A worldwide health crisis unlike any that’s been seen for generations will keep Warren County schools closed for the rest of the year.
Director of Schools Bobby Cox made the announcement Wednesday afternoon, following the recommendation of Gov. Bill Lee.
The decision means Friday, March 13, will go down as Warren County’s last official school day of the 2019-20 school year.
“It’s definitely disheartening,” said Cox. “I know there are a lot of disappointed students, especially our seniors. This is not how they wanted to end their high school careers. We’ll now turn to how we finish out the year. We’ll also be planning for things like a graduation ceremony and prom. We’re tentatively looking at the first part of June.”
Centers for Disease Control director Dr. Robert Redfield warned Wednesday morning that Americans should brace for another round of COVID-19 infections this winter, saying the virus is likely to follow a seasonality pattern like the flu.
Also on Wednesday, Harvard researchers announced social distancing will likely be required through 2022 to prevent the virus from overloading hospitals and our healthcare system.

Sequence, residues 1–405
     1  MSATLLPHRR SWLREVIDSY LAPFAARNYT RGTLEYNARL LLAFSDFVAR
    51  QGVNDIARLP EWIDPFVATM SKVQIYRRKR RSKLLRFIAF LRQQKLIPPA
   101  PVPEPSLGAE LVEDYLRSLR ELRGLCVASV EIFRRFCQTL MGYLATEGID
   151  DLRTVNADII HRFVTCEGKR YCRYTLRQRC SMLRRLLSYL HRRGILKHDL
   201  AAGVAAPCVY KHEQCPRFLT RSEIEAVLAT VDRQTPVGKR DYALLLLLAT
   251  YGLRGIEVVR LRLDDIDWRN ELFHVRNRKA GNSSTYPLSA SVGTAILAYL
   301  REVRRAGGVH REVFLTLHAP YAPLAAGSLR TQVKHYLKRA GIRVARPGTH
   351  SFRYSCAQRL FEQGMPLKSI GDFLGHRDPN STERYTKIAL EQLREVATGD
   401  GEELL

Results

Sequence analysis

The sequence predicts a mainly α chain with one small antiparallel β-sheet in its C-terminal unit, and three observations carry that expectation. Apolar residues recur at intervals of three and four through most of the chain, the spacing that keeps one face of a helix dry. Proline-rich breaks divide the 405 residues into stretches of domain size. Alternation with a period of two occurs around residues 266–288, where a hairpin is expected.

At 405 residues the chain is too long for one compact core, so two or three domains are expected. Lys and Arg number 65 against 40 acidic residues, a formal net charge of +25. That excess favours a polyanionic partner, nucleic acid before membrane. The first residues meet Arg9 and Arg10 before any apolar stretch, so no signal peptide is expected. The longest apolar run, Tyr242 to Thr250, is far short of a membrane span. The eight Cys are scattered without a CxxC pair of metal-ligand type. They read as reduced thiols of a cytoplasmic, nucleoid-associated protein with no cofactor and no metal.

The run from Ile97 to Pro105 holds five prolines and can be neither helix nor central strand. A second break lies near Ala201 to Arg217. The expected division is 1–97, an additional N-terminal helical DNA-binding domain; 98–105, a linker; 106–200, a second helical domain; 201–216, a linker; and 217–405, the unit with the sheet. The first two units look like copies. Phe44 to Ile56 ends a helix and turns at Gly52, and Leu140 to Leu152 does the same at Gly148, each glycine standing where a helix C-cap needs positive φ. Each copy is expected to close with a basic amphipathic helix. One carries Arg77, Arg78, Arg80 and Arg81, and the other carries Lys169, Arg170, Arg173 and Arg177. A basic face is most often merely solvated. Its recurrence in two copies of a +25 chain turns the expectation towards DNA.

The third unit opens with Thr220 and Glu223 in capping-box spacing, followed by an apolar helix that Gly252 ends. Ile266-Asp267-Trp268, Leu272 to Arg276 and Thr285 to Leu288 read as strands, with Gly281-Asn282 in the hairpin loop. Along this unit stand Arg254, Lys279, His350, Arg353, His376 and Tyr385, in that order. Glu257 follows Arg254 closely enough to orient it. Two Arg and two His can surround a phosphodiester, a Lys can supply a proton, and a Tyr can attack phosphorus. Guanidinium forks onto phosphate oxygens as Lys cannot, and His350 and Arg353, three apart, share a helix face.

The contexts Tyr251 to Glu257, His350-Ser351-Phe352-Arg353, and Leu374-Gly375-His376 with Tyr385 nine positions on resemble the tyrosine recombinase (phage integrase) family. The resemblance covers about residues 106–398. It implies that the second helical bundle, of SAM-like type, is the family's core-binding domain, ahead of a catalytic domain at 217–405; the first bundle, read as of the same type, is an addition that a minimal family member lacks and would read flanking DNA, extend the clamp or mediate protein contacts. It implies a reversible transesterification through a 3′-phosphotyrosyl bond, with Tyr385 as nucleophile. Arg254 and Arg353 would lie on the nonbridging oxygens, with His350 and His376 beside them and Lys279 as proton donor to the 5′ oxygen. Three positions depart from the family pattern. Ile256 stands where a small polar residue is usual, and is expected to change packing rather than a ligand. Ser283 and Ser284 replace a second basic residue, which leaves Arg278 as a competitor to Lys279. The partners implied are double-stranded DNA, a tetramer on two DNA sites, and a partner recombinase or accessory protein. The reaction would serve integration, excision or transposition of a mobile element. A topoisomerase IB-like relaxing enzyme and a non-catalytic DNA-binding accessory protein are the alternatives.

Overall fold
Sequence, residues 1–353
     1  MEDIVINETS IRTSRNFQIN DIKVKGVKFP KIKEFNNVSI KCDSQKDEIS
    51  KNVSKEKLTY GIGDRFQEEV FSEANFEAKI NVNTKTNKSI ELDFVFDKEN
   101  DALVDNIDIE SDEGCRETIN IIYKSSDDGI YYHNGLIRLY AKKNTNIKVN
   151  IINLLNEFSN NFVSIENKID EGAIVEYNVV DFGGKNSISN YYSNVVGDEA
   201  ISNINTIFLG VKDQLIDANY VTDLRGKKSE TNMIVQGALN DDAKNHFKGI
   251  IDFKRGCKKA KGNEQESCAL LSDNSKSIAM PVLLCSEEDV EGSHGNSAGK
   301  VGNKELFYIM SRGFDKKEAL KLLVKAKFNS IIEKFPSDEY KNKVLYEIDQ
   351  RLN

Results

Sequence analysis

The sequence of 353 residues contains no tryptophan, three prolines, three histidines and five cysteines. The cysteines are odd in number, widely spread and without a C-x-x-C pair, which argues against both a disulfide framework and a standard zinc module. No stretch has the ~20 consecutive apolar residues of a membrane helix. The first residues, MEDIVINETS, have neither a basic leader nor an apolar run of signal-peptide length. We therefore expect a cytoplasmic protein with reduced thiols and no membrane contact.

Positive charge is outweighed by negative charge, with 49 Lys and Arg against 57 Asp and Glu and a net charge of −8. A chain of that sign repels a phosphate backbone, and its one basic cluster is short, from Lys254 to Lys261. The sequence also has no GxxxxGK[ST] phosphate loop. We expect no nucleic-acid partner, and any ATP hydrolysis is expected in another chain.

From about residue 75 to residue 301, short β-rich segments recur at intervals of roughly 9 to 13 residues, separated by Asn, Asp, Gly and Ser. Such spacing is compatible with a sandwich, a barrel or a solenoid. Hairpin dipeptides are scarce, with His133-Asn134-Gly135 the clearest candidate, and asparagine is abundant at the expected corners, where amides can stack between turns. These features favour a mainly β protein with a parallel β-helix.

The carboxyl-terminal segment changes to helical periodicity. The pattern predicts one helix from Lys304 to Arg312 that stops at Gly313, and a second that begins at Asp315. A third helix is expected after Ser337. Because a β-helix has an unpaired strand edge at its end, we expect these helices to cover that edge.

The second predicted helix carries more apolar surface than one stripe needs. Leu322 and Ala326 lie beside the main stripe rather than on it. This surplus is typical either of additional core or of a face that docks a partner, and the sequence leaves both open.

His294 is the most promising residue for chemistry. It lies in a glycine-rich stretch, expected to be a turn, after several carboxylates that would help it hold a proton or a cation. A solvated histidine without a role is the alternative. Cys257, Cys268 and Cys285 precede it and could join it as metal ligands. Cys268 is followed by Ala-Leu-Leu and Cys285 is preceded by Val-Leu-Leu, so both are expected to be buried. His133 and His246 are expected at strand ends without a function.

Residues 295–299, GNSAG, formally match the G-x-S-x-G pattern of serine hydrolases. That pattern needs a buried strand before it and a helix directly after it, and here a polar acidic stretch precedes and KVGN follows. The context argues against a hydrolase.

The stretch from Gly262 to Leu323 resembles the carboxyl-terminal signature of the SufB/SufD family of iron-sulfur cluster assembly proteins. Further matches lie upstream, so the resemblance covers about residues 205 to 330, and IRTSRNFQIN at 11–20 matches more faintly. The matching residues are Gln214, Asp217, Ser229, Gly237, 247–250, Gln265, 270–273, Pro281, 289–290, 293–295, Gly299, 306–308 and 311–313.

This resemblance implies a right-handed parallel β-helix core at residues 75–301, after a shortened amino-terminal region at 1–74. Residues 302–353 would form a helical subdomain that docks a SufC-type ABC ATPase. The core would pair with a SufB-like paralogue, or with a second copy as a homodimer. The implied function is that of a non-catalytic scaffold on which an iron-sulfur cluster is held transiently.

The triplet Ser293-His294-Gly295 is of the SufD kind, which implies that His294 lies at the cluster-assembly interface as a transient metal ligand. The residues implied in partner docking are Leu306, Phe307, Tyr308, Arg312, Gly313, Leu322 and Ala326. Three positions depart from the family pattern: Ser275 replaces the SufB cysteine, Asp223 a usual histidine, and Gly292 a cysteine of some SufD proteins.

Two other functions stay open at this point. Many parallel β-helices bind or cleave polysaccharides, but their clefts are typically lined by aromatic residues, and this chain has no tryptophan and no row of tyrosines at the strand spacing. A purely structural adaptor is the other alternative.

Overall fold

The warnings present the question of what our schools will look like going forward if social distancing guidelines become a way of life.
Will sports programs be able to continue? Will face coverings be a requirement? Do class sizes need to be reduced? Is it safe to cram students onto a school bus? What about the school cafeteria?
California Gov. Gavin Newsom openly discussed a few possible scenarios this week, saying the country needs to get its children back to school but in a safe environment.
Gov. Newsom said education officials need to ensure that “kids aren’t going to school, getting infected and then infecting grandma and grandpa.”
Newsom said items on the table include a staggered start time with some students arriving in the morning and the rest in the afternoon. He said officials will be rethinking gym class, recess, school assemblies and all scenarios where students gather in large groups.
Robert Hull is president and chief executive of the National Association of State Boards of Education. He said school systems need to be developing not just a Plan A and Plan B, but also a Plan C and Plan D.
Hull also said schools must re-evaluate everything from the way they clean to the way food is prepared. Screening students one by one as they enter school for the day should also be a consideration.
There’s also the possibility of alternating classroom learning with virtual learning. One example is dividing a class of 20 into two groups of 10. One group would work in the classroom one week while the other stays at home for online instruction. The groups would switch the following week.
As for finishing up this school year in Warren County, Cox said online instruction will continue. He said if the governor’s stay-at-home order is relaxed in May, educational packets can be distributed to students who don’t have internet access at home.
Food distribution will continue Mondays, Wednesdays and Fridays at nine sites and through 10 bus routes.